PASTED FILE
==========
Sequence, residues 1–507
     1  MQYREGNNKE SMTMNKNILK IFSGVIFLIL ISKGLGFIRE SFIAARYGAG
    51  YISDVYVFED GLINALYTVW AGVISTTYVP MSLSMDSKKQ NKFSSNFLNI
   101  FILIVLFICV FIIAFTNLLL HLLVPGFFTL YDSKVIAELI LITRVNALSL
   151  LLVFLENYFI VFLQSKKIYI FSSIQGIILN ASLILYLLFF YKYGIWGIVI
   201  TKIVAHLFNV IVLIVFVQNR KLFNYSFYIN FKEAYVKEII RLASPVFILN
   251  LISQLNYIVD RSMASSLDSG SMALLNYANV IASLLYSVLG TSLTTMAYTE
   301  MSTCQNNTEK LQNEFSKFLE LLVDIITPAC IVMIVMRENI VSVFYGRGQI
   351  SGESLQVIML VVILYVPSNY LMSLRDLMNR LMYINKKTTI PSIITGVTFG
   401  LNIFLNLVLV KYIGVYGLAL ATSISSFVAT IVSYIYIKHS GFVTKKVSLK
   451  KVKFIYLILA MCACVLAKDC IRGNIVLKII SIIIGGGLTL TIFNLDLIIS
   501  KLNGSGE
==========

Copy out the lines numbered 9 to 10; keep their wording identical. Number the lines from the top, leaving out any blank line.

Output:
   351  SGESLQVIML VVILYVPSNY LMSLRDLMNR LMYINKKTTI PSIITGVTFG
   401  LNIFLNLVLV KYIGVYGLAL ATSISSFVAT IVSYIYIKHS GFVTKKVSLK